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As the Joint Legislative Income Tax Review Committee had its annual review of income tax credits today, several groups called for increased transparency. The Arizona Public Interest Research Group (Arizona PIRG), Children’s Action Alliance, and the Goldwater Institute raised concerns that there is not enough information available to the public about the tax credit programs.
This year nine tax credits were reviewed, and three of those tax credits were reviewed in Executive Session. For the tax credits reviewed during Executive Session, members of the public and the media were not allowed to hear the reports from legislative staff and the Department of Revenue. The committee recommended repealing the three tax credits that were discussed during the Executive Session.
“It’s problematic that some of these tax credits were discussed behind closed doors today. The public should know how much is being spent on these tax credit programs and what the results of the program are,” said Serena Unrein, Public Interest Advocate for Arizona PIRG.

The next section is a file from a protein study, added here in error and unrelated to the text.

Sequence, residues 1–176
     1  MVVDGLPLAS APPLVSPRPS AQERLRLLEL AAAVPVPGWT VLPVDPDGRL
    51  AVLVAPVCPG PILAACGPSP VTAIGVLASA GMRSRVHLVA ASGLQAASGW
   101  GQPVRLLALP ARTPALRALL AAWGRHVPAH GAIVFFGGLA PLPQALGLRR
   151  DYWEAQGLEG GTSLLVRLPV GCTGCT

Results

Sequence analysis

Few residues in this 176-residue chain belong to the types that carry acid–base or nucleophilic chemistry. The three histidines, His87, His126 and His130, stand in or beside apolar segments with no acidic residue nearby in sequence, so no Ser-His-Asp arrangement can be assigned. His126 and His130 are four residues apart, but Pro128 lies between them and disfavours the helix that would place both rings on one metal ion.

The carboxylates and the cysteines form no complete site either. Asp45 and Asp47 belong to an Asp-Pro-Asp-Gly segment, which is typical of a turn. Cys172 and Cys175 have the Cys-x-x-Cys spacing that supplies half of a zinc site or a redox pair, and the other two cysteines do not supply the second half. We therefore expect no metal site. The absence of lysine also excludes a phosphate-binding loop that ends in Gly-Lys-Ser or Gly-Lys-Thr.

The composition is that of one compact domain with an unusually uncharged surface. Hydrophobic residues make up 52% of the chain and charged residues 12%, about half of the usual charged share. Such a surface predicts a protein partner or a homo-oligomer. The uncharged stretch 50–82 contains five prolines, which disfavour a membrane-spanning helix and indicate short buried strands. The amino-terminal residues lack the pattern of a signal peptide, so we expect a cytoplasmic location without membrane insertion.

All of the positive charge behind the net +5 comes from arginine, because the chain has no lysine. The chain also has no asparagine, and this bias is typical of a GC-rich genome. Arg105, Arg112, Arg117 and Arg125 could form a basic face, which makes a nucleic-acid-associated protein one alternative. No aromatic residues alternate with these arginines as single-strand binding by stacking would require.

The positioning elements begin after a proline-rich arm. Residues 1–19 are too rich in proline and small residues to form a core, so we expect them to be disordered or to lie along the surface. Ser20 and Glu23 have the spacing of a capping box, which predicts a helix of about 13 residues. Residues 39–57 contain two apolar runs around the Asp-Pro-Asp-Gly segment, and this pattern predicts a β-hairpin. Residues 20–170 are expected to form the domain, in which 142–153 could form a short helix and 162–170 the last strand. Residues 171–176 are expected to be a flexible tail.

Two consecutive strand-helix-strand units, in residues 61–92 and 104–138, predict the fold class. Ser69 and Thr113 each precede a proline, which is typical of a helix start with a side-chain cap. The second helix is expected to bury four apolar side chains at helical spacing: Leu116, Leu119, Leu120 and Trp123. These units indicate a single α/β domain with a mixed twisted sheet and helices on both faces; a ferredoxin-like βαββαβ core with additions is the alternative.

“Every year legislators have to authorize how to spend taxpayer money during the budgeting process. And every five or ten years they have to vote to retain each state agency and program when it hits a sunset date,” said Dana Wolfe Naimark, President and CEO of Children’s Action Alliance. “Even though tax credits are an allocation of dollars through the tax code rather than through appropriations, most never have to face another legislative vote once they are established.”
The groups contended that information about the effectiveness of tax credits should not be kept secret from the public. During the public testimony of the hearing, they recommended that legislation be passed to ensure that all tax credits include a sunset provision so there must be a vote of the legislature to continue a tax credit and include performance measures for each tax credit program be enacted and publicly reported. In addition, they called for the recommendations of this annual Joint Legislative Income Tax Review Committee hearing to be taken up by the legislature.
“Since so many legislators run on promises of increasing transparency, they should take a serious look at reforming the tax credit review process to make sure we are all treated equally before the law,” said Byron Schlomach of the Goldwater Institute. “Lawmakers should take today’s hearing as a lesson about how Arizona can be transparent about where tax dollars are going.”
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